Mr McCartney:

I thought that we agreed at our last meeting that those issues were no longer a matter for the Committee.

The Chairperson:

That was my understanding as well. It was agreed at the last meeting that it was no longer an issue because it was being dealt with by means of the Hillsborough agreement. That was the position.

Mr Attwood;

The minutes state that, at the meeting on 9 February, no consensus was reached on how to proceed on the issue; that was the height of what was agreed. There is no consensus on whether the Hillsborough agreement was the right way to proceed.

The Chairperson:

I am trying to gauge whether there is consensus, and that will be accurately reported. There is no consensus from your position, Mr Attwood.

Mr McCartney:

My recollection is that there was a debate around the phrase “if any”. We said that our work had concluded. However, Alex’s recollection is obviously different.

The Chairperson:

Your position is that the Hillsborough agreement concludes the matter as far as we are concerned.

Mr McCartney:

It may not conclude the matter. However, it concludes our work.

Mr Dodds:

The question is what, if any, consideration should there be of the Ashdown report on parading. We are not going to have a substantive debate and then claim that there was no need for that because the Hillsborough agreement addressed the issue. Therefore, the answer to the question is that there does not need to be any consideration. That takes account of Danny’s point and is why, in those circumstances, the caveat “if any” is relevant.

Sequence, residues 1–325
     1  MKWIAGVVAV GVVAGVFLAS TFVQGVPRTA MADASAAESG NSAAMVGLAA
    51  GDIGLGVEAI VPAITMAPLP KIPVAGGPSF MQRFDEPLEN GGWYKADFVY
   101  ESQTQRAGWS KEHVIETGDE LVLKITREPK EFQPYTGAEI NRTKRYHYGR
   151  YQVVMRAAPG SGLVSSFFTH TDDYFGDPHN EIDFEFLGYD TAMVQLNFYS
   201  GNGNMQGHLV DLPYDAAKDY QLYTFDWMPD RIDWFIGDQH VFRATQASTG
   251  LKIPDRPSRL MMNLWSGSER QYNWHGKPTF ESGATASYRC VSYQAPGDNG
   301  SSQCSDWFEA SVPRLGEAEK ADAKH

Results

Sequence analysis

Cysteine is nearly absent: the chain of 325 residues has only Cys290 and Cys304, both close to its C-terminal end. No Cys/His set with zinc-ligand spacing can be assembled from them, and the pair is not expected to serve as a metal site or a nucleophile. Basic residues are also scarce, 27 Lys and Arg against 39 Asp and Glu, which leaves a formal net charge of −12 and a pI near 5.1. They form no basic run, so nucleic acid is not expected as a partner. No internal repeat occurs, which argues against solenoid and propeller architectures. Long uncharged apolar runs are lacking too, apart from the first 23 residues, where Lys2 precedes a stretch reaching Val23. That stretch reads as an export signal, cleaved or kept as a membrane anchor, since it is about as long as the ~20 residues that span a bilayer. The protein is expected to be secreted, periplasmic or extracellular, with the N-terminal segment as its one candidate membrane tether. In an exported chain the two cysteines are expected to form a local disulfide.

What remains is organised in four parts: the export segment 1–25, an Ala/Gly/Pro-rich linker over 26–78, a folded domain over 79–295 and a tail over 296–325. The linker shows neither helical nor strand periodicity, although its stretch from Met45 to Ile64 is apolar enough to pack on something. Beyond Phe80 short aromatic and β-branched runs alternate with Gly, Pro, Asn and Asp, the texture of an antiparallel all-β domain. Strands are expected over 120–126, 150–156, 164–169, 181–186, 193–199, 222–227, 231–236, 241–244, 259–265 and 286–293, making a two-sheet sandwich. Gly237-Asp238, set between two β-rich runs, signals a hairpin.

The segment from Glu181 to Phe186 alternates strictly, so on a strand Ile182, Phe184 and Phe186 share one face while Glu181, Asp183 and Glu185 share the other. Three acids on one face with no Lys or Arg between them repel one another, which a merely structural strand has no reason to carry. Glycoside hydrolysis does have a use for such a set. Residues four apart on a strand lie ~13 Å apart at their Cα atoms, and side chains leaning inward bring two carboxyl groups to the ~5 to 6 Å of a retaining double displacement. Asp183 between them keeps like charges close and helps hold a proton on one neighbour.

Mr Attwood:

The minutes of the previous Committee meeting were agreed earlier. Those agreed minutes state that members could not reach consensus on that issue of what consideration there should be. There was absolutely nothing said about the matter being addressed by the Hillsborough agreement and, therefore, that was the way in which it was going to be pursued. That was not agreed.

The Chairperson:

If there is no consensus, I will put this matter to a vote.

Mr Dodds:

It is a question only of what our view on it is. I was not at the previous meeting and, therefore, do not know what was agreed.

Mr McCartney:

The minutes do not reflect what Alex says.

The Chairperson:

I need to resolve this. However, I am not going to get into a long debate about it. I will put it to a vote and that will decide whether it is part of the report.

Mr McCartney:

The question, as it was asked, goes beyond the Ashdown review. That is the point that I am making. We said that we had no more work to do on the Ashdown review.

Mr Hamilton:

I understand that there are divergent views on whether the process that was agreed at Hillsborough deals satisfactorily with the issue of parading. There will be some disagreement over that, as has been expressed today. The point is not whether we agree with the process. The point is whether the Committee thinks that there should be consideration of that issue. Clearly, the answer to that is that a process has been agreed at Hillsborough, whether people like it or not, that deals with the issue of parades and, therefore, takes it away from us. If we agree that that is being dealt with in the agreement, the Committee does not need to consider the issue further.